Tuesday, 19 July 2016

On 10:37 by admin   No comments
The Federal Court came down hard on a former scouting director for the St. Louis Cardinals on Monday, sentencing Christopher Correa to almost four years in prison for hacking into a computer system that belongs to the Houston Astros. 

Correa, who until last summer served as Director of Baseball Development for the Cardinals, was sentenced to 46 months in federal prison and ordered to pay $279,038 in restitution. Correa was fired from the team in July 2015, shortly before being indicted and arrested in connection to the hack.

In January, prior to yesterday’s sentencing, Correa pleaded guilty to five counts of unauthorized access of a protected computer to Lynn Hughes, a United States Judge for District Court for the Southern District of Texas in Houston. At the time, Correa claimed he had accessed the Astros’ database because he believed the team was in possession of Cardinals proprietary information, something the Astros went onto to deny.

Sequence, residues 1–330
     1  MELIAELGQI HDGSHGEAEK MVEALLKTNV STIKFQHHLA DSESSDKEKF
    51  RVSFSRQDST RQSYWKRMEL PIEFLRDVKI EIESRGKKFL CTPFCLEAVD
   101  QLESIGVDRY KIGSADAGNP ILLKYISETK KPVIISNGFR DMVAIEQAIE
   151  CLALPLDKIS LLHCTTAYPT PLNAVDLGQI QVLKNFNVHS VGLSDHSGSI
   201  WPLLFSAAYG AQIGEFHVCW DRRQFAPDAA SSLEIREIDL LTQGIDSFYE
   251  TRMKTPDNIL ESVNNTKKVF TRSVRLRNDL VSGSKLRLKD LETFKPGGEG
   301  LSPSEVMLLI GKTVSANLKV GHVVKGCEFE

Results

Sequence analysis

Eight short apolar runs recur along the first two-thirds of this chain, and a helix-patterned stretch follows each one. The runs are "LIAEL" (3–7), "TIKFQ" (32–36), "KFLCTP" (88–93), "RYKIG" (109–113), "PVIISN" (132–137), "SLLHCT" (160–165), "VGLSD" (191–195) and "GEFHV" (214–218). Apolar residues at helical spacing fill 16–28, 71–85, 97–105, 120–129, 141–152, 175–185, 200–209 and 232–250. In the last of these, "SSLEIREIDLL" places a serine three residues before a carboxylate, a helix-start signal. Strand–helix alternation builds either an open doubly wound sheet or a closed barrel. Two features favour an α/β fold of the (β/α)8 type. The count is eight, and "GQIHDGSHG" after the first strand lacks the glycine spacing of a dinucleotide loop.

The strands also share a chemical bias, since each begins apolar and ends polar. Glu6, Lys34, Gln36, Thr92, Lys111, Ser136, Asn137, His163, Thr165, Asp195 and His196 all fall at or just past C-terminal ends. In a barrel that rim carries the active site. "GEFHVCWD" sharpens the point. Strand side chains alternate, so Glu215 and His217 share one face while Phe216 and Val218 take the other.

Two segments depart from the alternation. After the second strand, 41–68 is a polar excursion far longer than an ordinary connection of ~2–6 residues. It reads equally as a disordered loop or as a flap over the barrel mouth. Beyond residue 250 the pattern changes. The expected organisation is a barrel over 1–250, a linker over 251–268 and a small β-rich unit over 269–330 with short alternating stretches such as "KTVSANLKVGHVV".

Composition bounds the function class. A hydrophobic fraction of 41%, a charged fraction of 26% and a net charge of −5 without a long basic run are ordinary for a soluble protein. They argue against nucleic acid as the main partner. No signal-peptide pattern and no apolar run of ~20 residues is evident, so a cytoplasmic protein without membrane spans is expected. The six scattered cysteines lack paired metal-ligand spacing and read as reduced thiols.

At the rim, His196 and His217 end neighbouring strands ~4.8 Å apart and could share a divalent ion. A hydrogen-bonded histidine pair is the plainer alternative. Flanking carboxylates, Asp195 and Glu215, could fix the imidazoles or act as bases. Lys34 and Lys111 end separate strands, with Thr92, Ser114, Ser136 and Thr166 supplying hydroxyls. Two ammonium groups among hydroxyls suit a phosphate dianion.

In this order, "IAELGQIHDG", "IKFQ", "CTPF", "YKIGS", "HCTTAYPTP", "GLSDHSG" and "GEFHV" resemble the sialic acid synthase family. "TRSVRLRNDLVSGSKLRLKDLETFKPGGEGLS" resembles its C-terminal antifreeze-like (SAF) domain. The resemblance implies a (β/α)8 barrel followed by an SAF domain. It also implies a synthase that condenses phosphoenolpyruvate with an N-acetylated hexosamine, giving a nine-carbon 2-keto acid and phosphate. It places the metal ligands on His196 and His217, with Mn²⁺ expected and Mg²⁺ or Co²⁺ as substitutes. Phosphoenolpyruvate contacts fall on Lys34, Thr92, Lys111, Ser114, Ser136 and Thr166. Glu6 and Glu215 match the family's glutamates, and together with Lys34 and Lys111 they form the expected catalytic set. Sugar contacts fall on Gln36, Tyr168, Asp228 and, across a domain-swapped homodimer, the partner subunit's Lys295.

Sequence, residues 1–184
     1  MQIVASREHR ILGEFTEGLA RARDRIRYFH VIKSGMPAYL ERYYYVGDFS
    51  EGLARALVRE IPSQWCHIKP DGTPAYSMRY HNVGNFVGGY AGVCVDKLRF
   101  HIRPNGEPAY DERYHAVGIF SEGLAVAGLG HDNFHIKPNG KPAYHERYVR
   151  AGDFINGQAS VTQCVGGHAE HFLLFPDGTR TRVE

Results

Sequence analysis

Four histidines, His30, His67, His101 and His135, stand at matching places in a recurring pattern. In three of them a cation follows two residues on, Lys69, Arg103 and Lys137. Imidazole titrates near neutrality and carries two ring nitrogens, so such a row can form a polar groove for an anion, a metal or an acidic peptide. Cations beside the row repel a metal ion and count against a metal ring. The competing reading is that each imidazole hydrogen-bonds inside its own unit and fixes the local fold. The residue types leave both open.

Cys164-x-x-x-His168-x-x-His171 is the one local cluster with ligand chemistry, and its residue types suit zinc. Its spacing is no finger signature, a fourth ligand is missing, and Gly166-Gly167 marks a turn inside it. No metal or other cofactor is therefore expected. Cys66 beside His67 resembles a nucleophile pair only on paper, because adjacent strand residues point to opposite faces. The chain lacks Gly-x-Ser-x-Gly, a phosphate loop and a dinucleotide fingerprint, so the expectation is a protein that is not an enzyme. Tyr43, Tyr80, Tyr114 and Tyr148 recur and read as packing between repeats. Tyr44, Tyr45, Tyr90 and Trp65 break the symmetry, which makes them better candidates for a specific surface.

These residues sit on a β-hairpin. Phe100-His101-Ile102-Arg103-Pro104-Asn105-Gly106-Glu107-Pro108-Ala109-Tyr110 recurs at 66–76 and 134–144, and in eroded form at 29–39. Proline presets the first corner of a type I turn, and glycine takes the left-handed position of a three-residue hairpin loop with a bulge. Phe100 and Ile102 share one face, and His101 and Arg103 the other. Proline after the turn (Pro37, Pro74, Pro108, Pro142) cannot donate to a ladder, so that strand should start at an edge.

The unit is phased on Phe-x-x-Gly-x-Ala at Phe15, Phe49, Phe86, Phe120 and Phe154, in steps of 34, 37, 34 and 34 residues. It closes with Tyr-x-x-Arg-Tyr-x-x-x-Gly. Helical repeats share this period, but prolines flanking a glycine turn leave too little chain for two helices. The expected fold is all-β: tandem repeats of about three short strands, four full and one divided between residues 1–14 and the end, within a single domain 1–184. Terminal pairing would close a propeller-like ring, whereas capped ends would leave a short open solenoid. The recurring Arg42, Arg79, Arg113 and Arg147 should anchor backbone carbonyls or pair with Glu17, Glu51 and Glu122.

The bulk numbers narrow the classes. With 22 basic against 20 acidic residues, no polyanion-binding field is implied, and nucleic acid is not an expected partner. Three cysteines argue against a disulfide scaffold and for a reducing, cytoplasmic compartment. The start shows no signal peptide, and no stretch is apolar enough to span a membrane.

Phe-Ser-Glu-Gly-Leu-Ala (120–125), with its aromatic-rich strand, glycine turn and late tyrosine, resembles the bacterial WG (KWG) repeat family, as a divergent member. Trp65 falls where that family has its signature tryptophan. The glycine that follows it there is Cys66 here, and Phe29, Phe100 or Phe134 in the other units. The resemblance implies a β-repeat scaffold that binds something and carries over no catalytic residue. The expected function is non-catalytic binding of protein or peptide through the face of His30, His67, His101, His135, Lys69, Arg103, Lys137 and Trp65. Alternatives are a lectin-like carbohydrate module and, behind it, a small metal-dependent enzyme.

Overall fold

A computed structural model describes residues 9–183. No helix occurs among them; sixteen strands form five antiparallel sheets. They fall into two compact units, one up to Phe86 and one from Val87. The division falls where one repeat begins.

While the sentencing may sound steep, the charges are about in line with those leveraged around the go-to law on hacking, 1986’s Computer Fraud and Abuse Act (CFAA). The charges are actually less than the maximum Correa had faced for each count initially: a penalty of five years in federal prison and a maximum fine of $250,000.

News of the breach first surfaced in June 2014 when Astros GM Jeff Luhnow – who scouted for the Cardinals from 2003 through 2011 – told reporters that someone had accessed the team’s servers and trade talks.

It was unclear if there would be any repercussions until the FBI announced last summer that it was investigating whether front office personnel with the Cardinals carried out the hack.


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